ALCOHOL CONSUMPTION AS A MODIFIER OF THE RELATION BETWEEN BLOOD LEAD AND BLOOD PRESSURE

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Abstract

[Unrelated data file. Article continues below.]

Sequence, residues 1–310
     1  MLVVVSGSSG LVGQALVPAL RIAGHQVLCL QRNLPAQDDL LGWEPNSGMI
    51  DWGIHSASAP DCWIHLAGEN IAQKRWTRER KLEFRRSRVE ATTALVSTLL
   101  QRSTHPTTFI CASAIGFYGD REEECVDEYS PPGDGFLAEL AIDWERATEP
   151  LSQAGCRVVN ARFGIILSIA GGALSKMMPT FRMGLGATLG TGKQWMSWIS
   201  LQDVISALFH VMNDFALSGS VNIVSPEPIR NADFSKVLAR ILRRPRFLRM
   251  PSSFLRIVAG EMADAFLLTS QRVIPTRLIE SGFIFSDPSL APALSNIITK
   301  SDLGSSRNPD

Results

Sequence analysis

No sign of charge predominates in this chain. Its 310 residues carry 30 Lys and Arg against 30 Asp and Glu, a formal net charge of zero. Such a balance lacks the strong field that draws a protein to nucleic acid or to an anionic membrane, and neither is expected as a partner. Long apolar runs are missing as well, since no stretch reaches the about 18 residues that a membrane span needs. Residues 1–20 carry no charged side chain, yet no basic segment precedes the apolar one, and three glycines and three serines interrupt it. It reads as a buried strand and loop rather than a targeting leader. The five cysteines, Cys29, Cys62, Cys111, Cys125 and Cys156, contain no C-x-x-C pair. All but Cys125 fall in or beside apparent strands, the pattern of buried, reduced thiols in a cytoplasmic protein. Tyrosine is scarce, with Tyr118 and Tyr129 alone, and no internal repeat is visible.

Hypothetically, blood lead may be involved in blood pressure elevations owing to a facilitation of vascular adrenergic stimulation by extrinsic factors like alcohol. We therefore investigated whether self-reported alcohol consumption was a modifier of the blood lead-blood pressure relation in 3,664 men and women, age 28–67 years, from the MONICA Augsburg study in Germany. In women, only heavy drinkers (40 gm alcohol per day or more) showed a strong relation of blood lead with systolic and diastolic blood pressure, whereas little association was observed for abstaining and for moderately drinking women. In men, we found similar alcohol modifications of the lead-pressure relation only for those with rural, rather than urban, places of residence. We have no explanation for this subgroup divergence. Our results may be taken to indicate a possible role of alcohol consumption in modifying the action of lead on blood pressure.

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